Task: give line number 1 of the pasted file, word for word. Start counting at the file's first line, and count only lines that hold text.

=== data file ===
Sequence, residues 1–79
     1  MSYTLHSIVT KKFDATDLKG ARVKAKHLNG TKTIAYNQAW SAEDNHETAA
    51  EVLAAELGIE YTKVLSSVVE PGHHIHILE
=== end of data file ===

Sequence, residues 1–79